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Joanna Leach is now in her early sixties and one wonders where her career has gone. She studied with Peter Katin the doyen and most brilliant of British pianists of the last 50 years. She is an accomplished player and her choice of tempi is to be admired. The Variations of 1793 is one of Haydn’s most popular works and it is played here with a compelling sense of continuity and a classical beauty that is missing from performances by more famous names. The C major Sonata has an elegance and charm of its very own and is a very rewarding piece to play. Ms Leach’s tempi and choice of ornaments is very convincing. I have never felt that Haydn’s finale here works – a minuet in an allegro tempo – particularly when you consider Haydn’s brilliant finales. The finale of the next sonata is also a minuet, although a more conventional one.

The Sonata in E flat is of historical interest since it was written for Maria Anna von Gensinger, the wife of the physician to Prince Esterhazy. Haydn had a close friendship with her and when she died in 1793 the Variations were composed. She was a good pianist and this sonata is introspective; it is a conversational piece and is almost operatic in style. It is a very personal and mature work. The slow movement is akin to a soprano aria which may reveal Haydn’s feelings for Maria Anna. It is a fine piece, both peaceful and lovely with a tender yearning on the one hand and high drama in the minor key on the other. It is rather too florid and decorated for some tastes. While I do not wish to enter the arena to debate musical authenticity I feel that this rather special sonata fares better on a modern instrument as it will heighten the drama and have a wider range of tone. The heartbeats at the end of this movement say it all. The concluding minuet might suggest Haydn wanting to dance it with Maria Anna and enjoy her closeness. The two-part writing hints at two people in private.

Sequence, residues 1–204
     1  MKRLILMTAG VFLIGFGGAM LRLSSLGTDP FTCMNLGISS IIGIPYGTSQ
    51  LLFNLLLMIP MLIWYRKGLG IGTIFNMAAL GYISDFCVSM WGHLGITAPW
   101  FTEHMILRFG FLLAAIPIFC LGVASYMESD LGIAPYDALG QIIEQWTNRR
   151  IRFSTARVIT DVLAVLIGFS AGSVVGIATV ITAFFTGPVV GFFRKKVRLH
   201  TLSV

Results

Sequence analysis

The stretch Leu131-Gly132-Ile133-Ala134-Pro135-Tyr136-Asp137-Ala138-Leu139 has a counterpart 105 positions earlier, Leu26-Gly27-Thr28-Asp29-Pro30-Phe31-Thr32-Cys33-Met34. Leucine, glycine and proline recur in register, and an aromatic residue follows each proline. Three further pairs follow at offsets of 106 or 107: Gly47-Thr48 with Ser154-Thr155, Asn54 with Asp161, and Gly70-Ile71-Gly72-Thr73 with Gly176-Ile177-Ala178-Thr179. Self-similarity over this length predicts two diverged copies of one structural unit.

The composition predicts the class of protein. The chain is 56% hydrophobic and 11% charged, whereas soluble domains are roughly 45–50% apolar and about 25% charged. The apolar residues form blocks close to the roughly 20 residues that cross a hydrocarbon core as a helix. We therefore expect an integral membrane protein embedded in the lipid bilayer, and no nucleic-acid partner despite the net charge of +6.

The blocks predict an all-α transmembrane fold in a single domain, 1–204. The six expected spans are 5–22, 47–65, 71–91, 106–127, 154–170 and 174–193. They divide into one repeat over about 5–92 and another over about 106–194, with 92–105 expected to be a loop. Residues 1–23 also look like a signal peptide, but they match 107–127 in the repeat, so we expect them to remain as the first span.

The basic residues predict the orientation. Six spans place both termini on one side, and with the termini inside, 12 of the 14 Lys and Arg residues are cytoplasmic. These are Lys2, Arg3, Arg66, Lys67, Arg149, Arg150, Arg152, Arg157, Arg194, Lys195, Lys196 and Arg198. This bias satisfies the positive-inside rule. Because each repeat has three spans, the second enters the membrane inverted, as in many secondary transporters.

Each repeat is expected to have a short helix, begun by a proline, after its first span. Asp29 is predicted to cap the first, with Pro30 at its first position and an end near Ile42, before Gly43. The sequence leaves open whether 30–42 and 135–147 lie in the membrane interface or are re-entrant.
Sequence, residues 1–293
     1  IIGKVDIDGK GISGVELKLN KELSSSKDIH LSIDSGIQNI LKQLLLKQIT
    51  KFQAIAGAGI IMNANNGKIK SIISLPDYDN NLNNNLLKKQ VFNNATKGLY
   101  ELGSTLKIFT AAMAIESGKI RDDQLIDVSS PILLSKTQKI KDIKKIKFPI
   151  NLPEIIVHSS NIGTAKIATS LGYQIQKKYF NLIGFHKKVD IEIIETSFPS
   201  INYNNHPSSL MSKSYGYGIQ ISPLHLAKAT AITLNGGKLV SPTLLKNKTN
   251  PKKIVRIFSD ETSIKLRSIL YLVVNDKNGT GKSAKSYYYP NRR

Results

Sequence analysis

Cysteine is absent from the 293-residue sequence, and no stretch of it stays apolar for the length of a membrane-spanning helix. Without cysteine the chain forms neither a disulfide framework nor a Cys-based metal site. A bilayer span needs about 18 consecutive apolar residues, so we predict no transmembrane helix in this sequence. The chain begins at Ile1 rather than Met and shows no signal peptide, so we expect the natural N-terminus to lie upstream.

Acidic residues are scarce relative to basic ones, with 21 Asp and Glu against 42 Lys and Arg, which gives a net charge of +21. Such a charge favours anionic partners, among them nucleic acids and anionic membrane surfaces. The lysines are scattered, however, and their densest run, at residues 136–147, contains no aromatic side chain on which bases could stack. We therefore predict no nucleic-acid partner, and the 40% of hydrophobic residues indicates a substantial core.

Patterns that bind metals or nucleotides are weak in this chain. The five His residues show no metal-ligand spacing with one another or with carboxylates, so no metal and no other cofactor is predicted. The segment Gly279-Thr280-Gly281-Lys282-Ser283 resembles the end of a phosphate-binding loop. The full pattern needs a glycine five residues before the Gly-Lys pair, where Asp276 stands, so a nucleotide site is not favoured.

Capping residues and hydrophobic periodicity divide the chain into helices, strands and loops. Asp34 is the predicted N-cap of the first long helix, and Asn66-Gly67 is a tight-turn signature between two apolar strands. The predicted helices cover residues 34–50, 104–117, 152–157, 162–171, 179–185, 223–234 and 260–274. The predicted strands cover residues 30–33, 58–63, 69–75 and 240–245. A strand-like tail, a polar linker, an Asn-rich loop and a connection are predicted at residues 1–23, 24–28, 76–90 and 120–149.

The Sonata in C minor, like the Sonata in C, was written for Katharina and Marianna Auenbrugger, two sisters who were pianists. The C minor is a dark work and abounds in character and quality. The slow movement is far too ornamented for my taste but that is what Haydn wanted. Nevertheless, it contains a beautifully thoughtful main theme. Again, Jo Leach plays it in a direct manner and does not allow it to become sweet or sickly. The finale is restless and has more of a hint of tragedy in it. And I am left wondering about what Haydn’s real feelings were for Maria Anna and the Auenbrugger sisters.

The performances are thoughtful and reliable and it has proved to cause me to cogitate which must indicate Jo Leach’s expert skill in communication. Performances **** Recording ***

—David Wright